Deflation Continues to Rise in GCC as Consumer Prices Record Steepest Fall

Published June 24th, 2019 - 11:00 GMT
The deflationary momentum began in Saudi Arabia and the UAE because the introduction of value-added tax (VAT) in 2018 created a high base for comparison.
The deflationary momentum began in Saudi Arabia and the UAE because the introduction of value-added tax (VAT) in 2018 created a high base for comparison. (Shutterstock)
Highlights
The consumer prices in the GCC overall fell into deflation for the first time since 2000 and are in the steepest period of decline in many decade

Deflationary momentum is persisting for the GCC economies as the region’s three largest economies – Saudi Arabia, the UAE and Qatar – are experiencing deep deflation and other GCC states have only been recording very mild inflation this year. 

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The consumer prices in the GCC overall fell into deflation for the first time since 2000 and are in the steepest period of decline in many decades, driven by rents and fuel, according to PwC’s Middle East Economy Watch report released on Sunday.

The GCC region as a whole recorded deflation or negative price increase in January to April this year. The PwC analysis estimates that there was a shift from 1.3 per cent year-on-year inflation in December to -1.6 per cent deflation in January, deepening to -1.8 per cent in February, before easing to -1.4 per cent in April.

According to the report, the predominant driver of the GCC deflation is rents, which saw both the largest decline (-5.6 per cent overall in April) and is the largest component of the regional consumer price index (CPI) basket (28 per cent). A confluence of factors is causing this, including oversupply of property and a decline in expatriates population. Transportation saw the second largest decline and made the next largest contribution to overall deflation in the GCC economies.

The deflationary momentum began in Saudi Arabia and the UAE because the introduction of value-added tax (VAT) in 2018 created a high base for comparison. But what’s kept it going is a prolonged slump in housing costs that’s now putting broader price growth into negative territory, according to a Bloomberg report released last week.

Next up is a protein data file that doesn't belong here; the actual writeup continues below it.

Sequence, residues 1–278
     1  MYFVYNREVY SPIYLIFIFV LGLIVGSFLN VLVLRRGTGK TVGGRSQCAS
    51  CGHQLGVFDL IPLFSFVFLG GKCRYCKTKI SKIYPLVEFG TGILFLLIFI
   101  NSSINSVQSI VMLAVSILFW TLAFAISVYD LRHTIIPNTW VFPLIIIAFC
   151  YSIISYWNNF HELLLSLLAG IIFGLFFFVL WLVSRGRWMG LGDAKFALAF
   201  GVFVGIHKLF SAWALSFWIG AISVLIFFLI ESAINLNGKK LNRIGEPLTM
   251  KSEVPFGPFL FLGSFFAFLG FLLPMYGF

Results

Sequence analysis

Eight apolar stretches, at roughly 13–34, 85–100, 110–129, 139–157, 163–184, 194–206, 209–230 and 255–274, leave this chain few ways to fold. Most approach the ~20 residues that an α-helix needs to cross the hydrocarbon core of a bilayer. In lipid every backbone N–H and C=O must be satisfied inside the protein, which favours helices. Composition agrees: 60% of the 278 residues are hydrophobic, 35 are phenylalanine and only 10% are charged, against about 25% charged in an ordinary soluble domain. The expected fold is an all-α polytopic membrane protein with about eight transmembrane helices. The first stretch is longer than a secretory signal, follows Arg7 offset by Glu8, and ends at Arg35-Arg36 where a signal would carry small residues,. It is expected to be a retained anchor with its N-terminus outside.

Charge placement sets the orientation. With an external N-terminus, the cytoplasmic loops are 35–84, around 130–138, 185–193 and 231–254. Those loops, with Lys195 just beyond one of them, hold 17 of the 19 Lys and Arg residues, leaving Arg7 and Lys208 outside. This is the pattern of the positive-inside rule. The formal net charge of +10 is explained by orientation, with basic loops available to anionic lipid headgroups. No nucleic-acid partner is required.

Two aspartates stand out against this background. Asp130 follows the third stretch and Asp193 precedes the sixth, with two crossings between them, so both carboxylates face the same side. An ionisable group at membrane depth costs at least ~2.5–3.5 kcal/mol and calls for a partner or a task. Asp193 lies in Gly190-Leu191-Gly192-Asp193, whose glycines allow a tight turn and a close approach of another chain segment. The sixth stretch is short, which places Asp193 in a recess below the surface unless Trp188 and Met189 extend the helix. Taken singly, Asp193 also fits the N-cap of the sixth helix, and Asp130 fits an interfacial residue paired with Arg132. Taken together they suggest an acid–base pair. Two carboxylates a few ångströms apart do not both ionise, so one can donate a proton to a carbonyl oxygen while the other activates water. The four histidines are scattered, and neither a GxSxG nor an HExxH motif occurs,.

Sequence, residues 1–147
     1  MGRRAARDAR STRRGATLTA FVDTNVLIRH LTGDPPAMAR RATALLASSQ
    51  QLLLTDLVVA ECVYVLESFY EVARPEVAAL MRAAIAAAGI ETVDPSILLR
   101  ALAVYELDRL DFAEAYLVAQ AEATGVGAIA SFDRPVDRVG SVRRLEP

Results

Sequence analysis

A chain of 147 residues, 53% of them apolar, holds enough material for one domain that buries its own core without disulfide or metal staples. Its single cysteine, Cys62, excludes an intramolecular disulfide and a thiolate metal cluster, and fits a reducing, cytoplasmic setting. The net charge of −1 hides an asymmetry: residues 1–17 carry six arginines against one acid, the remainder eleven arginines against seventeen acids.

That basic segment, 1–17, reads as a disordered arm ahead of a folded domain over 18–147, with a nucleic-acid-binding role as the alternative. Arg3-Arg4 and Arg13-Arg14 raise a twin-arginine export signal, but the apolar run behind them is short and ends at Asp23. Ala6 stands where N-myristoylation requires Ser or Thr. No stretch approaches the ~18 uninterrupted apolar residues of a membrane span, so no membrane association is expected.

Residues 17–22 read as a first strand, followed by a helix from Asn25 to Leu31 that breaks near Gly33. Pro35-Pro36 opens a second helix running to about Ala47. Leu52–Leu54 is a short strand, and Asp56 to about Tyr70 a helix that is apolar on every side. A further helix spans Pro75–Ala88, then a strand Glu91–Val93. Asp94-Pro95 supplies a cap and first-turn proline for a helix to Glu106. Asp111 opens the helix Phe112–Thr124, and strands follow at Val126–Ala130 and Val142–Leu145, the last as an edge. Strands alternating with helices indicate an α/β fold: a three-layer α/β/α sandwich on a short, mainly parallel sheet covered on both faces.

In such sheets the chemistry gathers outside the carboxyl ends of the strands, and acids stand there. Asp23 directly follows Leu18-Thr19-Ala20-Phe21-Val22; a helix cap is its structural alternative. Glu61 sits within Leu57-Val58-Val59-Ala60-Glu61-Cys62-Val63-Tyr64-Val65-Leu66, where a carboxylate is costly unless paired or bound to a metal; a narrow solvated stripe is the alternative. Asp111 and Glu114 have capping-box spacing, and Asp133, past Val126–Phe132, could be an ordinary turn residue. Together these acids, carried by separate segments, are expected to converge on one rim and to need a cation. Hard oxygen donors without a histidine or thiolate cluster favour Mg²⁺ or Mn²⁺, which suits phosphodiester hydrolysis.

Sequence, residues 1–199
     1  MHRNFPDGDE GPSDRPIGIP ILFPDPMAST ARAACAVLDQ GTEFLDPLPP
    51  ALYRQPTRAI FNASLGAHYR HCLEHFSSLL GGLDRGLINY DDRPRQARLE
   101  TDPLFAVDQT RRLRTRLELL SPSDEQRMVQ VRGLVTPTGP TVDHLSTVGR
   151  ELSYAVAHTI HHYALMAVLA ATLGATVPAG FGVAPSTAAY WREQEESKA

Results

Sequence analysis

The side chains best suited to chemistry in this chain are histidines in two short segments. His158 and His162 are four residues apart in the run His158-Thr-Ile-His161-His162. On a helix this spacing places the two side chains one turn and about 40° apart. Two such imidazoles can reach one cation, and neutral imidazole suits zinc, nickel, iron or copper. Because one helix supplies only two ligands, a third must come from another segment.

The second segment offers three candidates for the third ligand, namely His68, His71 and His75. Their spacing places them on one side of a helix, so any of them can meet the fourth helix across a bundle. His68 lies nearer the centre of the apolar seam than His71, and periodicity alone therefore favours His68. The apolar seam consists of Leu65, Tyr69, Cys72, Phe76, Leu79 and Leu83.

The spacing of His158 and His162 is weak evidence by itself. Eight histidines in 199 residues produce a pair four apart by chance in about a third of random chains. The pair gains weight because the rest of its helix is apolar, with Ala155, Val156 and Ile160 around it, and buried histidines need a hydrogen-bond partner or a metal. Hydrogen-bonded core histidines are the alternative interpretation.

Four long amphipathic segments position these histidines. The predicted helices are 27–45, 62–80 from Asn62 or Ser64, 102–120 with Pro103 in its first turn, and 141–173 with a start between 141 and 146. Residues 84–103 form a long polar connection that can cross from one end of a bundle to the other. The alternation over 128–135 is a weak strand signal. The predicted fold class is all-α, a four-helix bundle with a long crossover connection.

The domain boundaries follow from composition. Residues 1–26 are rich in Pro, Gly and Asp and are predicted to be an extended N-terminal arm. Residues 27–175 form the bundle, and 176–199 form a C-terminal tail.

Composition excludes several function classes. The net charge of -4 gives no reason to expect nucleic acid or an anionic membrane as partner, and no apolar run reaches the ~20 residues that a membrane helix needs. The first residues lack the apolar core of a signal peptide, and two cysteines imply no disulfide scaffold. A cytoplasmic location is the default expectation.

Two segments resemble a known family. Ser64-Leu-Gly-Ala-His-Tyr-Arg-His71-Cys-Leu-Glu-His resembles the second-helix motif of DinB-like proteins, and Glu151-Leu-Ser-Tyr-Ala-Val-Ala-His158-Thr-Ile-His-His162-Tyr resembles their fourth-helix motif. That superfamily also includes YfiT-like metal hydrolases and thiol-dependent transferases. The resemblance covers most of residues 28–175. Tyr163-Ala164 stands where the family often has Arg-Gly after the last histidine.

“Will deflation persist in the Gulf? It’s unlikely to end until the excess capacity in real estate has been cleared. And there’s little sign that the clearing process has started in Saudi Arabia and the UAE where housing costs have continued to decline,” said Ziad Daoud, chief Middle East economist at Bloomberg Economics.

Richard Boxshall, senior economist at PwC Middle East said, “The regional deflation has happened despite the introduction of VAT in Bahrain and excise taxes in Qatar and would have been even steeper without these measures. There will be further policy boosts to prices later this year, including excise taxes in Oman and subsidy cuts in Bahrain.”

“However, it is looking likely that the region will see flat or falling prices for the year as a whole. Dubai stands out because its deflation is broad-based, spanning 83 per cent of its CPI basket. This may be due to its more competitive economy and could provide advanced notice of trends that will hit other GCC countries later in the year. Overall, deflation is a boon for consumers but will squeeze corporate profit margins and could stifle investment and growth,” Boxshall said.

The PwC report said that GCC deflation did ease in April, largely due to higher fuel prices, and may still prove to be a temporary quirk. However, there is a danger of deflation spreading to other sectors, as it has in Dubai, eroding corporate profits and harming growth.

A pause in interest rate rises in the US may give GCC central banks a welcome opportunity to boost liquidity and mitigate deflationary trends, the PwC report added.


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